PCs, tablets, e-book readers, phones – no consumer electronic product is “made” any more. It's designed, it's ordered, it's distributed, it's exploited. Made? Not so much.
This dawned on me with news that Amazon expects to sell 3-5 million Amazon-branded tablets this year. The company hasn't even announced a product yet, but Forrester Research says they expect a hit because of Amazon's ability to exploit such a device through its cloud infrastructure.
Back in the 20th century (and you can write that without irony now, just as someone at the dawn of WWI could write “back in the 19th century” without irony) you needed a factory to build computers. At least an assembly plant. The names on your PC corresponded to the company building the device.
That's why Google bought Motorola Mobility. They need that design expertise. They need that ability to order in quantity. They need those distribution channels. They have the rest of it – the brand name and the network. But all have to be in play for a hit to happen.
Now this new world is as confusing to the Chinese as it is to Americans. I remember being at CompuTex two years when when MSI was announcing their new “branded” line. They were good boxes. I have one now. But the marketing was laughable – models in skimpy outfits parading across the stage while the CEO stood by with a lecherous grin that would make Hugh Hefner blush. I turned to my son, who was with me, and said “1983 called, and they want their marketing back.”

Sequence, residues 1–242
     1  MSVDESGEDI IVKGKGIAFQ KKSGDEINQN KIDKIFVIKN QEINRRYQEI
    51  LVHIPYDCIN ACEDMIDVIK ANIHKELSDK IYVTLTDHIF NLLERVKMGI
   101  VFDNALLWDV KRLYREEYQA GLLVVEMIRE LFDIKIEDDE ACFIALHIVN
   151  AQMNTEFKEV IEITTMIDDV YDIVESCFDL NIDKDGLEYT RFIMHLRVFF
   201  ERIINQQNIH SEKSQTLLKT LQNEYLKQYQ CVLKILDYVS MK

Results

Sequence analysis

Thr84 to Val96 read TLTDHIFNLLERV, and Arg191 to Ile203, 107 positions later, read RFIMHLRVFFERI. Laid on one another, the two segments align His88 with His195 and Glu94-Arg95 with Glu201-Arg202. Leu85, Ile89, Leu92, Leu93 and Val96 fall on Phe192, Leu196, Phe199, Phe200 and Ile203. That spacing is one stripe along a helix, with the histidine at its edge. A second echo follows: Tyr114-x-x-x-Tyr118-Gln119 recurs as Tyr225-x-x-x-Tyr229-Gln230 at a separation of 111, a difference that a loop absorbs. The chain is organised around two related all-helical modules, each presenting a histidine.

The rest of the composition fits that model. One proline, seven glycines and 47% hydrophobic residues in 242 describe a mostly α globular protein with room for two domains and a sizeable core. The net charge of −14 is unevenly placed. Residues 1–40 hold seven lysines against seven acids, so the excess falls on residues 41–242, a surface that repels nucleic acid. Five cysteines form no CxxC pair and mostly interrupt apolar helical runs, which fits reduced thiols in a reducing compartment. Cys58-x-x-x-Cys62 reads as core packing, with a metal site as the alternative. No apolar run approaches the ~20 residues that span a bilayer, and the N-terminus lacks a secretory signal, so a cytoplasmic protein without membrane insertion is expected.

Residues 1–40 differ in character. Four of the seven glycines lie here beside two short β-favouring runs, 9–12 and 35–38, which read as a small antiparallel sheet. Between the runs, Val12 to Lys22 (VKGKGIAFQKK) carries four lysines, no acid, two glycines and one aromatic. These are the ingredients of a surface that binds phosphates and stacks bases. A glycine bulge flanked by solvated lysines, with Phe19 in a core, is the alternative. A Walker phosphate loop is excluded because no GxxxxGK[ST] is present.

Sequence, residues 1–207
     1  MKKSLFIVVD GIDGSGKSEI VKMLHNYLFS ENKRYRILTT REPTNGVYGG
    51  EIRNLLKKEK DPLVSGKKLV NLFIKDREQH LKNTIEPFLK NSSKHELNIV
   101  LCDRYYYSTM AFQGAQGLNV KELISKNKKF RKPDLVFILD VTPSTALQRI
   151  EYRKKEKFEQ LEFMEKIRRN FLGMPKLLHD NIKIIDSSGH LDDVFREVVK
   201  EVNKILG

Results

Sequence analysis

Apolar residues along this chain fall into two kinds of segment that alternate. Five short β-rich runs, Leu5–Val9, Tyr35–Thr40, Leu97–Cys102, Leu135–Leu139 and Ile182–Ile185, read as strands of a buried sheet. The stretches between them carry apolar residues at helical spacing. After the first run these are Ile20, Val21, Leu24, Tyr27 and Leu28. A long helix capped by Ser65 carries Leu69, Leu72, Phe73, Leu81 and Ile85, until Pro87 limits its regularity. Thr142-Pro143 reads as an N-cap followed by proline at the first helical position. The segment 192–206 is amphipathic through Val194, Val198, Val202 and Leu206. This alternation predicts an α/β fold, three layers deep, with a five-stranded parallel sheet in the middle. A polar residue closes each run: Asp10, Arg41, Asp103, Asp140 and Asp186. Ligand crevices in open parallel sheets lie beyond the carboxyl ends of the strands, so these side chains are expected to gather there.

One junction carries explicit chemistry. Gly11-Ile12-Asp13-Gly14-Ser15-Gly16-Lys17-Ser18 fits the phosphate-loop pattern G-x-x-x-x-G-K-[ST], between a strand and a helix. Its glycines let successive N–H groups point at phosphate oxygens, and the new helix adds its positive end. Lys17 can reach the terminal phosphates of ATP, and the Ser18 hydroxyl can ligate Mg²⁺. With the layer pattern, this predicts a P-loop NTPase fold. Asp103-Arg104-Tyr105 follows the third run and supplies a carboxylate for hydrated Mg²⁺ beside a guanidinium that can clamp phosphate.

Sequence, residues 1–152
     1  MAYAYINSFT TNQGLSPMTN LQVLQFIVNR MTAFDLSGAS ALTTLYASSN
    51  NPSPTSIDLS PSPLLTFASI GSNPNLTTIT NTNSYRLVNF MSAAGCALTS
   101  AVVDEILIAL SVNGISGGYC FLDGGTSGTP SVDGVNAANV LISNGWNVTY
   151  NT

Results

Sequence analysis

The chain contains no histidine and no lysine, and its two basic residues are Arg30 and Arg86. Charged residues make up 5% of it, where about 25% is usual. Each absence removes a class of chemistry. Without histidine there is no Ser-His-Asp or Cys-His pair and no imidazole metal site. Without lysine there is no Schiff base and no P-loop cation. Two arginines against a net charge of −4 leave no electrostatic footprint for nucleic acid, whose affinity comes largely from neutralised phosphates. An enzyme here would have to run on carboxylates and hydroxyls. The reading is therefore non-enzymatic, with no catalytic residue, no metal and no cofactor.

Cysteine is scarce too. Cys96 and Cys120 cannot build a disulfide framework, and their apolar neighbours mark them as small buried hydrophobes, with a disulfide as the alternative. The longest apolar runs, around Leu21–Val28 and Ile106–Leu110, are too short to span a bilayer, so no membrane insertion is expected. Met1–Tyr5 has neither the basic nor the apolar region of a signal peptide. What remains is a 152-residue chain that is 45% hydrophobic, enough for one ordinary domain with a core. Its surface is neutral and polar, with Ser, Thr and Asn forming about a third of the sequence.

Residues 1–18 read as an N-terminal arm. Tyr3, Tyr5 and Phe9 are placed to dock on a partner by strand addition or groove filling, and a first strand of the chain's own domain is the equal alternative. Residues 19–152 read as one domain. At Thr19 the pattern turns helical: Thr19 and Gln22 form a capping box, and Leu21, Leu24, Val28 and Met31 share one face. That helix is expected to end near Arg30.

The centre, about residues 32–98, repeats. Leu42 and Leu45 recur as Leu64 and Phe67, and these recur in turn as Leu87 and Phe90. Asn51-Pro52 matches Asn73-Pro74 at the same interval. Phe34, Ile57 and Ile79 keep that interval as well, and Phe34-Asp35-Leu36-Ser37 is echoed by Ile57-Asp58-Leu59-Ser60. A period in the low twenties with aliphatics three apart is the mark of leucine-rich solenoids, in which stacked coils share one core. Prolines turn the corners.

Chinese OEMs thought that, with the rise of Linux or at least with Android, they'd get a chance to go “up the stack,” to capture more of a device's value, to control their own fates. Not so. That's why we have so many fake Apple stores in China. It's because China hasn't created its own version of Apple, and it's galling to them.
HP, Dell and even Microsoft are getting killed by this new reality. The conventional wisdom is that “the PC is dead” but the real problem is quite different. Microsoft's structure was not open to this new reality, in which it had to be the brand, creating its own distribution channels and ecosystem to support new software and hardware designs.
Microsoft could still recover from this, but its time is increasingly limited. It needs to come to the hardware market under its own brand, it has to deliver something new in form factors people like, and it has to think of the PC in new ways – not as a TV, typewriter and tape recorder but as interfaces that control resources.
What's true for the central device, of course, is also true for other types of gear. Like network boxes. Cisco is getting killed because computers can be network boxes, with open source software, and it has not built its brand as a network. Maybe buying Sprint would help. Maybe it's too late.
Otherwise, instead of talking about HP, Dell and Gateway, as we did in the 1990s, the big PC makers will be Apple, Google and Amazon. The irony, of course, is they won't be making anything. All three are design houses, brand names with networks, and the cash to place multi-million unit orders with OEMs, as well as exploit the resulting captive markets to the full.